Childhood-Obesity Report Delayed Again

Government-Industry Task Force Needs a Few More Weeks to Get Children’s Activist Groups on Board

The report from the government-industry task force on obesity will not be released Wednesday, apparently held up by the inability to get children's activist groups to sign off on it. The task force said it would be a few more weeks.

It will be the second time the report has been delayed. It was originally scheduled for mid-July, but it was pushed back until September in part to allow some of the companies involved to unveil their own individual initiatives to cut the marketing fat.

According to several sources, the hold-up has been getting some of the children's activist groups on board, as they believe the recommendations don't go far enough.

Those are expected to parallel the already-announced efforts by one-dozen or so food companies and some programmers to create nutritional guidelines and not advertise foods that don't meet those guidelines in shows aimed at kids under 12.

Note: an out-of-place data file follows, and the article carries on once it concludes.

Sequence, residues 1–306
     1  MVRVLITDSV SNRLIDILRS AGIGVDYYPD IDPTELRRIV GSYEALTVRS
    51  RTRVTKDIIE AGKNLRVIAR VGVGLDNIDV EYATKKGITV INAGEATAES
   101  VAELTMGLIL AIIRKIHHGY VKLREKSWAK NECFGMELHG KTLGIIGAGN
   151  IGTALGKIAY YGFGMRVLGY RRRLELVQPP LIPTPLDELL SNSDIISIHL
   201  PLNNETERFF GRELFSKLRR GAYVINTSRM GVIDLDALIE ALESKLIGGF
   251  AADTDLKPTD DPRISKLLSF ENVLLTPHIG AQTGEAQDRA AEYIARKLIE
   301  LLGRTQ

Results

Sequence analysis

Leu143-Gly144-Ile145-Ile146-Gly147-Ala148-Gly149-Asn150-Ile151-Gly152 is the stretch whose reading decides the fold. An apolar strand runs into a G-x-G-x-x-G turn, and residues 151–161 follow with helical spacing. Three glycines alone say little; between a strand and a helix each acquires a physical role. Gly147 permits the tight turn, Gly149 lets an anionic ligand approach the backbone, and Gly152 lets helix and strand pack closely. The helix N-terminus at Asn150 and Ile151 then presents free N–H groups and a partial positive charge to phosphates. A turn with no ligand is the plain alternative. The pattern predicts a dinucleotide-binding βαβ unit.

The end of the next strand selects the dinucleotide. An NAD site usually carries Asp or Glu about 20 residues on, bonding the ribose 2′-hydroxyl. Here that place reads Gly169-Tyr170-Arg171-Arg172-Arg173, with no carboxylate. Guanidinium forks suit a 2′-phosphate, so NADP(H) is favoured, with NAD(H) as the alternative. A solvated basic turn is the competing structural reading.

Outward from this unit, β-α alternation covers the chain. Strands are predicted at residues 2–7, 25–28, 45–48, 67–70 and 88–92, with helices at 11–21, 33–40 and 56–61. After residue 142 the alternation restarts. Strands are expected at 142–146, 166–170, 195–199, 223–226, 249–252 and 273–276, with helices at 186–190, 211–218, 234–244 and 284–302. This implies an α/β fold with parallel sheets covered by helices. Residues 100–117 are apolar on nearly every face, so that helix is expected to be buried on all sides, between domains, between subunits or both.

Up until just a day or two ago, the office of Sen. Sam Brownback (R-Kan.), who helped to launch the task force, was still expecting a press conference Wednesday, but after a number of drafts of a report had circulated among the members over the past few weeks, according to sources, it became clear that a consensus had not been reached.

A source familiar with a meeting of task-force participants Monday night said it was decided that "a few more weeks might result in more progress, or at least enough progress so that the ‘advocates’ will sign on to the task-force summary efforts.”

“This extension will allow the task force to build upon consensus items reached thus far," Brownback said, "and move toward our goal of developing bold and voluntary initiatives designed to achieve a healthier media environment that all segments represented by the task force can implement in order to protect the health of our nation’s children."

Both government and industry conceded that something needs to be done to help curb the rising childhood-obesity epidemic.